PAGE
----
Optimistic vs Pessimistic locking

Pessimistic locking:

The row is locked in advance once one of  its attribute is changed. If anyone else attempts to acquire a lock of the same row during this process, he will be forced to wait until the first transaction has completed. This is achieved by using the familiar SELECT…FOR UPDATE syntax. This is the safest locking mode because two transactions will never make inconsistent change to the same row. However, this locking mode has disadvantages such that:

  1. If a user selects a record for update, and then leaves for lunch without finishing or aborting the transaction. All other users that need to update that record are forced to wait until the user returns and completes the transaction, or until the DBA kills the offending transaction and releases the lock.
  2. The Deadlock – Users A and B are both updating the database at the same time. User A locks a record and then attempt to acquire a lock held by user B – who is waiting to obtain a lock held by user A.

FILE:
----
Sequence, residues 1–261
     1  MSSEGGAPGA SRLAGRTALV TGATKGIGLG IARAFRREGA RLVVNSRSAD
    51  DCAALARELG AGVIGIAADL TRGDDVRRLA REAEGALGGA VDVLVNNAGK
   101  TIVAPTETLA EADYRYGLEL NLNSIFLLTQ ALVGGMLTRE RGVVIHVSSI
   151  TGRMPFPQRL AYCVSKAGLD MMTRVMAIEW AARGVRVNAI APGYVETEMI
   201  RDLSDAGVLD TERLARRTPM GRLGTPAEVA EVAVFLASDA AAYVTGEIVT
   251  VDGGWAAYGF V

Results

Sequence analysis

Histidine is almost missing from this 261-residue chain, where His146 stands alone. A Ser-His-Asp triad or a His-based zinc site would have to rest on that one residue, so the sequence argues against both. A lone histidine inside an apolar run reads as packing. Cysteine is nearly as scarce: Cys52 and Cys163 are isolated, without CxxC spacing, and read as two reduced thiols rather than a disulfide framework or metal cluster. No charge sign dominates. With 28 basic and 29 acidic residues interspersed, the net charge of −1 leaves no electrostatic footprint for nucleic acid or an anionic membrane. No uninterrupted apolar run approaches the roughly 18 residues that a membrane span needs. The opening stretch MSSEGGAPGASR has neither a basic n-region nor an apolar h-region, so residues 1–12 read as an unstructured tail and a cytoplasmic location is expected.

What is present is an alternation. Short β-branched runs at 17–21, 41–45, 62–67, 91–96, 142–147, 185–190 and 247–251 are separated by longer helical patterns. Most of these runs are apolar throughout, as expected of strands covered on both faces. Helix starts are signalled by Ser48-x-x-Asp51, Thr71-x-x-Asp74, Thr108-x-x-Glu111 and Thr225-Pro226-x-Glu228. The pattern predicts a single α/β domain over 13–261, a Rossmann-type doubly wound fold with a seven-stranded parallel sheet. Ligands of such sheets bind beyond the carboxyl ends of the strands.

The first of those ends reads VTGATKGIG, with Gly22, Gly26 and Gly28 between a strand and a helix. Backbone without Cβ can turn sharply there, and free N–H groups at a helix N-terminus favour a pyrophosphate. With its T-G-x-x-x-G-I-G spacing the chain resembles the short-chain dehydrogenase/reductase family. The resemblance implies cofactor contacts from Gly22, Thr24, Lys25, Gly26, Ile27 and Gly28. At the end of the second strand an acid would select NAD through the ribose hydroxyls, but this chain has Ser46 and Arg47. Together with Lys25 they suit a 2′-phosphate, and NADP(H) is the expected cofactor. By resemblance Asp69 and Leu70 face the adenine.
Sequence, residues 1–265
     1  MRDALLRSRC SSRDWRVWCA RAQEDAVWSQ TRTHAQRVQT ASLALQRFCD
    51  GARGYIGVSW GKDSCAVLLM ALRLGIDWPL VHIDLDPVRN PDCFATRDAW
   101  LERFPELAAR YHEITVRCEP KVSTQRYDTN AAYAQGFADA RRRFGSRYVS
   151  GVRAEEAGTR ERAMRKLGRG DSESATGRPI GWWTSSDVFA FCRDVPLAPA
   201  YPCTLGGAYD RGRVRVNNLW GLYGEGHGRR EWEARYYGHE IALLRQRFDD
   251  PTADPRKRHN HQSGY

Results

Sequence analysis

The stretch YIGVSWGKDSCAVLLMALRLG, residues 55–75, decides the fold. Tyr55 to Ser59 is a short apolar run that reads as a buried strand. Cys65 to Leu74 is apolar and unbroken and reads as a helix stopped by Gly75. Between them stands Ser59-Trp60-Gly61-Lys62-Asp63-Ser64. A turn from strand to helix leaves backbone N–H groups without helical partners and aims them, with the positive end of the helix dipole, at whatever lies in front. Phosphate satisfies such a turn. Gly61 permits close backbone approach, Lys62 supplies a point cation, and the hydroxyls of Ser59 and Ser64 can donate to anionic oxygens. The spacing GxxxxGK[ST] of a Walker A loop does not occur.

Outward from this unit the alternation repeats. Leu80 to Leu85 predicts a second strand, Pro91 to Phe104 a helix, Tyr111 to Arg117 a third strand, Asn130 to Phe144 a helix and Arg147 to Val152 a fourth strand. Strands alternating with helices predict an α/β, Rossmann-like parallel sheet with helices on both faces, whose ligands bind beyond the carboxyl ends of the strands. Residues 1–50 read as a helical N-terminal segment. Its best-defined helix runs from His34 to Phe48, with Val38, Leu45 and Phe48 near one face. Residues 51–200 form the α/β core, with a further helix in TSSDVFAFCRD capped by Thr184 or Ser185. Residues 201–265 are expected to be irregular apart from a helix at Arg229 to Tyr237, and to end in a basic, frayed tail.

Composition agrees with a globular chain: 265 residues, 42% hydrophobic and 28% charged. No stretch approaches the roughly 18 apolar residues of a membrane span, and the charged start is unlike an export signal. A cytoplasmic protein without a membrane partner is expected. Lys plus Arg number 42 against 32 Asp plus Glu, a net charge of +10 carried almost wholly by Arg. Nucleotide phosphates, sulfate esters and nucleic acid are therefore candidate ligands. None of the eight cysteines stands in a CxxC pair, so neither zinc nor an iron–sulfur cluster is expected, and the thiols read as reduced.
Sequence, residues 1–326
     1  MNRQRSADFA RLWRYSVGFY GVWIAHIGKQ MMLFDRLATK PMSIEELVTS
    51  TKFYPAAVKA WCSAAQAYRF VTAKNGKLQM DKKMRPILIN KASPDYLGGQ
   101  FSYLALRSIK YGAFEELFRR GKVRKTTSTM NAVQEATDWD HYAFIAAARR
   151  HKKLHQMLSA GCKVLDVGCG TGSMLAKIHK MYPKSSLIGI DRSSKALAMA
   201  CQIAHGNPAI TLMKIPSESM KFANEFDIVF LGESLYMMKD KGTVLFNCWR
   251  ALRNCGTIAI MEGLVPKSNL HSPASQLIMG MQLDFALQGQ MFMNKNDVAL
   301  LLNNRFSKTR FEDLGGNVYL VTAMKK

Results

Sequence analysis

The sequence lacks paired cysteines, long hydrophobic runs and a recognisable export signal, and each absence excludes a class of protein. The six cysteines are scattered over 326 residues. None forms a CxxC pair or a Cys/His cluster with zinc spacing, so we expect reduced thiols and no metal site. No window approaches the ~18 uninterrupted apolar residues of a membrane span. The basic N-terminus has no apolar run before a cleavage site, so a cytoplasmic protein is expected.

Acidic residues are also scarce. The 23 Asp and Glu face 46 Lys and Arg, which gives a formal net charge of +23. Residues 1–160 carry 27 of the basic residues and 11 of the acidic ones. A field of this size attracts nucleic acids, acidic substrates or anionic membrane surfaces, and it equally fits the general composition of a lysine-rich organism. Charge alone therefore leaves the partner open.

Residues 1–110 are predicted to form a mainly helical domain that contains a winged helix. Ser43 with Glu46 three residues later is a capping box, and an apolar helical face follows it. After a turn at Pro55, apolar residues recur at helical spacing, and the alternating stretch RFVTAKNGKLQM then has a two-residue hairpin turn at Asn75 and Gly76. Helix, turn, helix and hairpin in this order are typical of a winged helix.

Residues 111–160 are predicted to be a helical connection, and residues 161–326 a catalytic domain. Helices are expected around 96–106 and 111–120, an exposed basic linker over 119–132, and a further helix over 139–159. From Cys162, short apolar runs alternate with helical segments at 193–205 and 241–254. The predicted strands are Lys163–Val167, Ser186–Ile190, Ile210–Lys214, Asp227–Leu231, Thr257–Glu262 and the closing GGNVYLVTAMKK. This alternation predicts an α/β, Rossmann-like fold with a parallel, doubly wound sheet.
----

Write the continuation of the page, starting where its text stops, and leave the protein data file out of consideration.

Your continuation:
Optimistic locking:

Optimistic Locking is a strategy where you read a record, take note of a version number and check that the version hasn’t changed before you write the record back. When you write the record back you filter the update on the version to make sure it’s atomic. (i.e. hasn’t been updated between when you check the version and write the record to the disk) and update the version in one hit.

If the record is dirty (i.e. different version to yours) you abort the transaction and the user can re-start it.

This strategy is most applicable to high-volume systems and three-tier architectures where you do not necessarily maintain a connection to the database for your session. In this situation the client cannot actually maintain database locks as the connections are taken from a pool and you may not be using the same connection from one access to the next.

Reference: http://stackoverflow.com/questions/129329/optimistic-vs-pessimistic-locking



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